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Shepard v. Lustig

United States District Court, N.D. Illinois, Eastern Division

December 13, 2012

William SHEPARD; Walter B. Posner; Christopher T. Michaels; Michael Miller; the Florence Posner Revocable Trust Dated 07/27/2001, a trust; Joseph Moretti; and Elisa H. Posner, Plaintiffs,
Miles LUSTIG; Grant Lustig; Lustig Capital, LLC, an Illinois limited liability company; ME Layz, LLC, and Illinois limited liability company; L & N Partnership, an Illinois partnership; Client Funding Solutions Corporation, an Illinois corporation; and W & M Trading Corporation, an Illinois corporation, Defendants.

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Allan A. Ackerman, Allan A. Ackerman, P.C., John Thomas Moran, The Moran Law Group, Chicago, IL, for Plaintiffs.

Michael Joseph Morrisroe, Scott Allen Berndtson, Morrisroe & Associates Ltd., Bloomingdale, IL, for Defendants.


JOHN W. DARRAH, District Judge.

Certain Defendants [1]— Miles Lustig (" Miles" ), Grant Lustig (" Grant" ), and Lustig Capital, LLC— move to dismiss Count III of the Amended Complaint filed by Plaintiffs, pursuant to Federal Rule of Civil Procedure 12(b)(6), for failure to state a claim upon which relief may be granted. For the reasons presented below, Defendants' Motion to Dismiss is granted.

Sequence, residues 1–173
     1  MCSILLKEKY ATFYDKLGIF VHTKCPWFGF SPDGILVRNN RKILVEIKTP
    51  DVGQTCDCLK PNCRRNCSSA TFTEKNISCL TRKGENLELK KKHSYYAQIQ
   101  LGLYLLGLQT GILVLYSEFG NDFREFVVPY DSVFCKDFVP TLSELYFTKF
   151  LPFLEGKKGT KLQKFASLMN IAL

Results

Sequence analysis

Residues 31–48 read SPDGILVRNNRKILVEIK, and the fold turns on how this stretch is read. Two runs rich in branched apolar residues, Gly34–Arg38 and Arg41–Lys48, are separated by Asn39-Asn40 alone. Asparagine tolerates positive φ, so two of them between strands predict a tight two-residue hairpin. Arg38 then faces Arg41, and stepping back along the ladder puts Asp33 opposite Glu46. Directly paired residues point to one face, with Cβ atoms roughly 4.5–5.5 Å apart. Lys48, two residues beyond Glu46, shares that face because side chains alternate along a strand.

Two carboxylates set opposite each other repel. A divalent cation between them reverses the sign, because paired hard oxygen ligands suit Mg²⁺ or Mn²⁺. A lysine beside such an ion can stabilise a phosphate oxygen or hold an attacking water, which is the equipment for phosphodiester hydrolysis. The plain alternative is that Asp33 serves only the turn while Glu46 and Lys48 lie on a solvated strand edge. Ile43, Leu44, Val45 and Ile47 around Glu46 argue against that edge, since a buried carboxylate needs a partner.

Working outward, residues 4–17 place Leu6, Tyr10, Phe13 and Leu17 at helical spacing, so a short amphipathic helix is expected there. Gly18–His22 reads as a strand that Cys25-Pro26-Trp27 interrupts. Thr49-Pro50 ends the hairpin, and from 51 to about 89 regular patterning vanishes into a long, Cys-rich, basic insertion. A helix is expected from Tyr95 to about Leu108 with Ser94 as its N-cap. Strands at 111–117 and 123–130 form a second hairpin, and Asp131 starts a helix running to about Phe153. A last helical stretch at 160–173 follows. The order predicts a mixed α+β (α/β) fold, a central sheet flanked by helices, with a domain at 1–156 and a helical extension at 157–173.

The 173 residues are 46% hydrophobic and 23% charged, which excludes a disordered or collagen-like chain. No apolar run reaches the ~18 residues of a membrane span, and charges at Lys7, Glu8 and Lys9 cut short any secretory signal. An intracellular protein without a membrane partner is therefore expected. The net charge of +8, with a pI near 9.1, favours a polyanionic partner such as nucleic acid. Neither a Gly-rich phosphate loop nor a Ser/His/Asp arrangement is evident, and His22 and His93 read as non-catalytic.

Defendants removed the instant action from the Circuit Court of Cook County, Illinois, on October 25, 2011. The initial complaint, filed by Plaintiffs in Cook County on August 17, 2011, alleged three separate counts: (I) a violation of the Illinois Business Corporation Act, 805 ILCS 5/12.56; (II) a common-law claim of breach of fiduciary duty; and (III) a civil violation of the Racketeer Influenced and Corrupt Organizations Act (" RICO" ), 18 U.S.C. §§ 1861, et seq. With leave of the Court, Plaintiffs filed an amended complaint on August 15, 2012.[2] Defendants move to dismiss Count III of the Amended Complaint, the RICO claim, arguing Plaintiffs failed to properly plead the RICO claim with particularity and failed to properly plead a pattern of racketeering activity or the existence of an enterprise, as required by 18 U.S.C. § 1861.